Research question: The current study investigates the income elasticities and socio-economic determinants of direct and indirect sports expenditure categories by means of a log normal hurdle regression. Research methods: The data stem from a representative sample of 3005 Flemish families with school-aged children, gathered through a sports-specific survey. A log normal hurdle regression was used to calculate the determining factors and expenditure elasticities of expenditure on sports participation. Results and findings: The results indicate that income, education and the age of the youngest child are positively related to almost all sports expenditure categories, while the number of family members and degree of urbanisation are significant for only a number of the expenditure categories. The elasticity value of the direct sports expenses is smaller than is the case for indirect sports expenditure. Between the expenditure categories large differences exist, as relatively large elasticities are found for sports holidays, transport and sports food and drinks, as opposed to low values of sports events, sports club membership, entrance fees for sports infrastructure, sports camps, clothing, footwear and equipment. Implications: The fact that income significantly influences all expenditure categories demonstrates that further policy intervention is required to make sports consumption more accessible to lower income groups. Sports enterprises and policy-makers need to be aware that negative income shifts have a more profound impact on the indirect expenditure categories, and that certain sports activities (e.g. participation events) are relatively more favoured by low-income groups than is the case for sports club membership.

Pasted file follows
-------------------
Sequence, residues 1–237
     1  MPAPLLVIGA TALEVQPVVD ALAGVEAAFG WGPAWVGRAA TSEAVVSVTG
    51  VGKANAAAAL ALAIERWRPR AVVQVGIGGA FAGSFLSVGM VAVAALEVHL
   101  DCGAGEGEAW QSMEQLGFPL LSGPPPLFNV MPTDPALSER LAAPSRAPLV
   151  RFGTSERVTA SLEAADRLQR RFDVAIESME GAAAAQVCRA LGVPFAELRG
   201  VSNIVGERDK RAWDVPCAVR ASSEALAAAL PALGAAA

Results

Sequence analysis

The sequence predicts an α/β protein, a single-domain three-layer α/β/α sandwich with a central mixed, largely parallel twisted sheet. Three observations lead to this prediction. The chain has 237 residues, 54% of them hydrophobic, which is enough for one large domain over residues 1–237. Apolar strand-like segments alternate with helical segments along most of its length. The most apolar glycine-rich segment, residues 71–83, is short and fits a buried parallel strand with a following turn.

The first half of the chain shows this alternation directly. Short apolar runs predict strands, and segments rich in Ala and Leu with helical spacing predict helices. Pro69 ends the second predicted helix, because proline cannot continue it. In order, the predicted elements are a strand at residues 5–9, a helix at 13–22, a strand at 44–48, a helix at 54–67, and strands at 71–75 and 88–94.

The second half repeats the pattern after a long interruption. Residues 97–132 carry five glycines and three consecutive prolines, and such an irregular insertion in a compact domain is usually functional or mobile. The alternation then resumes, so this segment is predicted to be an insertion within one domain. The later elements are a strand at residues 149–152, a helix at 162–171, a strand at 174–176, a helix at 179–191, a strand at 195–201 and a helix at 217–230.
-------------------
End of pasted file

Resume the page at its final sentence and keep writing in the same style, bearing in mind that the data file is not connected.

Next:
- Income elasticities
- direct and indirect sports expenditure
- expenditure categories
- log normal hurdle
- sports consumption